Look, Mom, No Brains!

After healing up for two weeks from my injuries I decided it was time to get back on the horse. I come up with some really bad ideas sometimes. It’s like my hobby, and would you expect any less from somebody who spells safty wrong?

The first few pitches went just fine, and we climbed moderates while my friend placed her first pieces of pro and did her first trad leads. I’m really glad that I went and was able to be there to support her. After the first few pitches I thought it would be wise, with a broken finger and broken toe, to climb a finger crack.

After that last finger crack pitch my toe felt like it was exploding up into my foot and for a brief moment I actually believed the truth–that they were indeed broken. But I’ve never been one to shy away from a fight, so I just gritted my teeth and downplayed how bad it actually hurt. With a little sleep that night and a large dose of tenacity (ibuprofen) in the morning I’d be good as new. Wrong!

We only climbed six pitches the next day, but we were content. Even after leading all six excruciating pitches I was still willing eager to do another climb climb–my ritual end climb Left Ski Track Direct–but Sally opted to just go back to our cars for lunch. I’m wondering now if she only did so out of pity for my dumb rock addicted ass.

The next day, back in San Diego with my family, I hobbled like a wounded animal cursing my stupid ambitions. My finger swollen and throbbing from the finger jams, and my toe filled with screaming heat every time I weighted my right foot. I was thinking about addiction and compared my actions in the past to my stupidity in the present, and are alarmingly similar. Feeling ashamed, I promised myself I wouldn’t climb until the toe healed. What kind of a dumbass goes out climbing with a sprained foot, bruised tailbone, bruised hip, bruised ribs, broken toe, and broken finger?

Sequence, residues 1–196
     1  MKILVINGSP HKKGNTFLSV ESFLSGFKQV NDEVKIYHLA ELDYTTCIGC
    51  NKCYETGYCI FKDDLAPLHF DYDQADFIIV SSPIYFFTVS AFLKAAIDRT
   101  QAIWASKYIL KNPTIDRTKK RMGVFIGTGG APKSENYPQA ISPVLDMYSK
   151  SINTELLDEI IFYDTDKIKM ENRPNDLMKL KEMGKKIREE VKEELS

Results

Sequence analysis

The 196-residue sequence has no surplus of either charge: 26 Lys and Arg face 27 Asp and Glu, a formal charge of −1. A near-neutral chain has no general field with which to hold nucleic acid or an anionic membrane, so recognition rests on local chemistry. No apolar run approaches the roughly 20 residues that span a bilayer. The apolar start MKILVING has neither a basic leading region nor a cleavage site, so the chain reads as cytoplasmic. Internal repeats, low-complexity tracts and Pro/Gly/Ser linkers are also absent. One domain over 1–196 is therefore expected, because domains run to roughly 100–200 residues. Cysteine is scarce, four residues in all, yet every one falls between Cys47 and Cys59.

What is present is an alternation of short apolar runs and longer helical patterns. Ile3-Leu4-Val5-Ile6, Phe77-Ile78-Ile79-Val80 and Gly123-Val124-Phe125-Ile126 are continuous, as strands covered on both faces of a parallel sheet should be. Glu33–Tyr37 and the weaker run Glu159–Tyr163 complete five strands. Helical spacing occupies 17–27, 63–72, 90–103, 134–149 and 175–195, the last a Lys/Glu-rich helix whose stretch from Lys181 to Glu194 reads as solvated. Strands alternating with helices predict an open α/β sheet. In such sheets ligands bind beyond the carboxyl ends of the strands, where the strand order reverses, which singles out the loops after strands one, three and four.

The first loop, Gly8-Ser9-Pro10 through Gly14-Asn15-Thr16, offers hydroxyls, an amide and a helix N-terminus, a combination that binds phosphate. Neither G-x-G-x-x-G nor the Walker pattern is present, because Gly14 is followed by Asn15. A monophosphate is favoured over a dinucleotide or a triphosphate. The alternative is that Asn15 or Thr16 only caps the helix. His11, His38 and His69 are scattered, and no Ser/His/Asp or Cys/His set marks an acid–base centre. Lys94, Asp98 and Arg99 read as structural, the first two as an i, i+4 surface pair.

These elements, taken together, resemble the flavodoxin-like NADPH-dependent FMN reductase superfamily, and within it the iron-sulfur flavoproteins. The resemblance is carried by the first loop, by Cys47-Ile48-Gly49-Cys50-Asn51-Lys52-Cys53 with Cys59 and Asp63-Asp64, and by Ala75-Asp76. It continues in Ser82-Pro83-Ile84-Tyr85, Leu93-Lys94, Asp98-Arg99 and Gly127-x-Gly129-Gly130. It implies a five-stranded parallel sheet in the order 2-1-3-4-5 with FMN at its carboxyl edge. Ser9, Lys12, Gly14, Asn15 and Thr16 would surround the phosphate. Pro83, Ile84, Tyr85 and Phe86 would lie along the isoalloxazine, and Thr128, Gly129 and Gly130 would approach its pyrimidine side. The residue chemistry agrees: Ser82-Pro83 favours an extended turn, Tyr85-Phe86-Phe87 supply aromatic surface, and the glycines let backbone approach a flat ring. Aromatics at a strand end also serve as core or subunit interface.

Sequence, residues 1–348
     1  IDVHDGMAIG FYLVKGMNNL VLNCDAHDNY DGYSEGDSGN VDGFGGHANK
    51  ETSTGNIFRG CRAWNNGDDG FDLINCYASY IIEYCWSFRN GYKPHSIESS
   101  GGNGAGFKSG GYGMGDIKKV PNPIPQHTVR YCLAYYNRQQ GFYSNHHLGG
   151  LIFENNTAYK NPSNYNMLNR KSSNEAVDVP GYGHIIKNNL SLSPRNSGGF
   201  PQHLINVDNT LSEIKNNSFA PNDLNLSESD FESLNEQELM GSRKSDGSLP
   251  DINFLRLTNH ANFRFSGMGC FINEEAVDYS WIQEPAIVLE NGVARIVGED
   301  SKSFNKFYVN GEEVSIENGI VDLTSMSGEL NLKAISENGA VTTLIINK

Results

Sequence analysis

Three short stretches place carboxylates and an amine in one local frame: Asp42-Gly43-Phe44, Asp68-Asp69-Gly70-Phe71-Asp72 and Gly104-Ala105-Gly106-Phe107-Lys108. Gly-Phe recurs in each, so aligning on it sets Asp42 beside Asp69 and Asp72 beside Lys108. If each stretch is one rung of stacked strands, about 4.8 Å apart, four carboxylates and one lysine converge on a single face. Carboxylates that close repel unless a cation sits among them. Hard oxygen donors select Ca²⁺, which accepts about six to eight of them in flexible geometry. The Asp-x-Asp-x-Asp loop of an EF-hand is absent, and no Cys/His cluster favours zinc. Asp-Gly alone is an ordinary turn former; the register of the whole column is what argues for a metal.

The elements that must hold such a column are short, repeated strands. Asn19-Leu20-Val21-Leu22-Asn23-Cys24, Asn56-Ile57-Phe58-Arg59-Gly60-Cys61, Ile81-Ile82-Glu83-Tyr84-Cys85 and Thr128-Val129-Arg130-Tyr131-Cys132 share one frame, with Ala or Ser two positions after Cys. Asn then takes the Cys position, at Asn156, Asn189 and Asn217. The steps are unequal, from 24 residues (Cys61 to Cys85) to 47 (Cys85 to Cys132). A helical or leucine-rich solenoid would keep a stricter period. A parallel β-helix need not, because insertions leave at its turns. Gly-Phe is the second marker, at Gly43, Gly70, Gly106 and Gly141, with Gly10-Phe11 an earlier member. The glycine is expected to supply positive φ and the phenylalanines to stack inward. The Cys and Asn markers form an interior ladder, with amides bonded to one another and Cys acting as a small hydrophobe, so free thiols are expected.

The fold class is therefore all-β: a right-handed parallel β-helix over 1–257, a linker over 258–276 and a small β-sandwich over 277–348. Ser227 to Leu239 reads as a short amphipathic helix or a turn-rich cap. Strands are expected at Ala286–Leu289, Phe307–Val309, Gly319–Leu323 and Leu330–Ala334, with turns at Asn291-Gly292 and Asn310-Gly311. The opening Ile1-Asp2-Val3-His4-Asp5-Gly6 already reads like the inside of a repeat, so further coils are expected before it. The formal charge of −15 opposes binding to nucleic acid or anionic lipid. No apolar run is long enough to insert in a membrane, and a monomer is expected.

I hobbled around the remainder of the Labor Day weekend and spent Saturday, Sunday, and Monday with my Mom and Grandpa watching the Padres beat the Dodgers. Tuesday we installed a new window in the backroom of Grandpa’s house, and Wednesday we poured a concrete footing and set the first row of blocks. My foot was showing progress! My friend Ben (check out and follow Ben here) is in town so I was really psyched to catch up with him. I hadn’t seen him since I left Lander.

He and his partner in crime, Karli, are getting ready to start an epic journey to Patagonia by car. We decided to go to the Peoples Wall in La Jolla, a man-made cobble stone retaining wall that is about 20ft. high at it’s tallest point and traverses across 200ft. It’s a great training wall. Hell, if I was able to survive the concrete pour earlier in the day I should be fine to play around on a little easy traverse without problems. Wrong!

As we walked down the beach towards Windansea I joked that my toe will never heal, but deep down a dark revelation started to make itself known… if I don’t start taking care of my injuries I really might just hobble around on this gumby ass foot for years. Now for the addicts broken promises: I’m swearing off forever, I’m switching from climbing to body surfing, from running to biking, and I’ll start doing Yoga! I’ll be disciplined and consistent in my core training routines and up my hang board time–anything but climb! I won’t climb; I’ll only train to climb!

Right… are you convinced? Because I’m not…

Author: saftythird

Defying convention

3 thoughts

  1. My wife says the same thing about me with flying. I can get away with a lot more physical discomfort due to the nature of what I am doing compared to the physical demands of climbing. She tells me all of the time that I don’t take care of myself.

    It is hard to set aside the opportunity to do something you love, and the older I get the harder I think it gets. Maybe it is the uncertainty of knowing how many more times you will get to keep doing it?

    Liked by 1 person

    1. Yeah, I think I have to side with the people who are closest to me, and likely similar to with your wife. What I find is that when I actually do take it easy and stop being so obsessive I actually make more progress because my mind and my body have time to heal, but I never do that anyways.

      Can’t say if its the uncertainty, I think it’s just true passion. We are among the fortunate people of the world who have found that thing that makes us tick–something so personal and profound to our being.

      Liked by 1 person

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